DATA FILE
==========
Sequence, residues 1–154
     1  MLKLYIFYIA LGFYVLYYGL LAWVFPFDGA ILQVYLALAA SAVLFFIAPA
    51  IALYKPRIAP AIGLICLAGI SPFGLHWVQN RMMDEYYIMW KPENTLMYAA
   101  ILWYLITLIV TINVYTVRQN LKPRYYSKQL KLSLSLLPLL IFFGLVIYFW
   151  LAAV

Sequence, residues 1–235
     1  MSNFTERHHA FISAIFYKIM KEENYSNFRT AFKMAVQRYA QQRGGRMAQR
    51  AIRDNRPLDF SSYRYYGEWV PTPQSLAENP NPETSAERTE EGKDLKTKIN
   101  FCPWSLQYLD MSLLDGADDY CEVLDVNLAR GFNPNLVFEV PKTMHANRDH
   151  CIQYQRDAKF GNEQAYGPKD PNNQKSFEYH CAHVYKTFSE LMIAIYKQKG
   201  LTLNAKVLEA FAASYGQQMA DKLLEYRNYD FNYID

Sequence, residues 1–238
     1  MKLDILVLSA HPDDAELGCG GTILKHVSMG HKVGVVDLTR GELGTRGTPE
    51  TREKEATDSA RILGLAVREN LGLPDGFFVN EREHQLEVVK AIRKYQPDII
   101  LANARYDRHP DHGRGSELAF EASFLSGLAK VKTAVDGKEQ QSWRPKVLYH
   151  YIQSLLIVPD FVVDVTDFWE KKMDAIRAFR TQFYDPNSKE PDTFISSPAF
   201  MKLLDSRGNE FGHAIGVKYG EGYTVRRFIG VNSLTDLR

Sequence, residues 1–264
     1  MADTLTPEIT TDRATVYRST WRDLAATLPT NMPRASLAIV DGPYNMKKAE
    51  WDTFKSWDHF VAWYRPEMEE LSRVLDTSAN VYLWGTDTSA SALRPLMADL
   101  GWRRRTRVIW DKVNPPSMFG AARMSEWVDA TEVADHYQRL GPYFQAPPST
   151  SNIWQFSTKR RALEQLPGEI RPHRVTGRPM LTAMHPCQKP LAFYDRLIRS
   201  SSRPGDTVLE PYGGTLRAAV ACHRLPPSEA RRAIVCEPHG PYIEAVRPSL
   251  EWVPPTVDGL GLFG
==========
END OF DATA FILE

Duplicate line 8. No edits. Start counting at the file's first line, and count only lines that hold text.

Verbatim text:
    51  AIRDNRPLDF SSYRYYGEWV PTPQSLAENP NPETSAERTE EGKDLKTKIN